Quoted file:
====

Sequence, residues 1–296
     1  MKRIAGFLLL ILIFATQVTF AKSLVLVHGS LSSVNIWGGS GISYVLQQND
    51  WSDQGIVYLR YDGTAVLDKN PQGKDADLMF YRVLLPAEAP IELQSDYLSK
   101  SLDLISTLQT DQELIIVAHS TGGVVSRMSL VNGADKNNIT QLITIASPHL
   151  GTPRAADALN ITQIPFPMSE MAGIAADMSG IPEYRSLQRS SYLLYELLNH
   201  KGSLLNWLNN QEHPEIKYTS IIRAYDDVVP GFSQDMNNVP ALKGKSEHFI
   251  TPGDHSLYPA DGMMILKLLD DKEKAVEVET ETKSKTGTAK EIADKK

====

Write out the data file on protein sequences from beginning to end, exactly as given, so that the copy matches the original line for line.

Sequence, residues 1–296
     1  MKRIAGFLLL ILIFATQVTF AKSLVLVHGS LSSVNIWGGS GISYVLQQND
    51  WSDQGIVYLR YDGTAVLDKN PQGKDADLMF YRVLLPAEAP IELQSDYLSK
   101  SLDLISTLQT DQELIIVAHS TGGVVSRMSL VNGADKNNIT QLITIASPHL
   151  GTPRAADALN ITQIPFPMSE MAGIAADMSG IPEYRSLQRS SYLLYELLNH
   201  KGSLLNWLNN QEHPEIKYTS IIRAYDDVVP GFSQDMNNVP ALKGKSEHFI
   251  TPGDHSLYPA DGMMILKLLD DKEKAVEVET ETKSKTGTAK EIADKK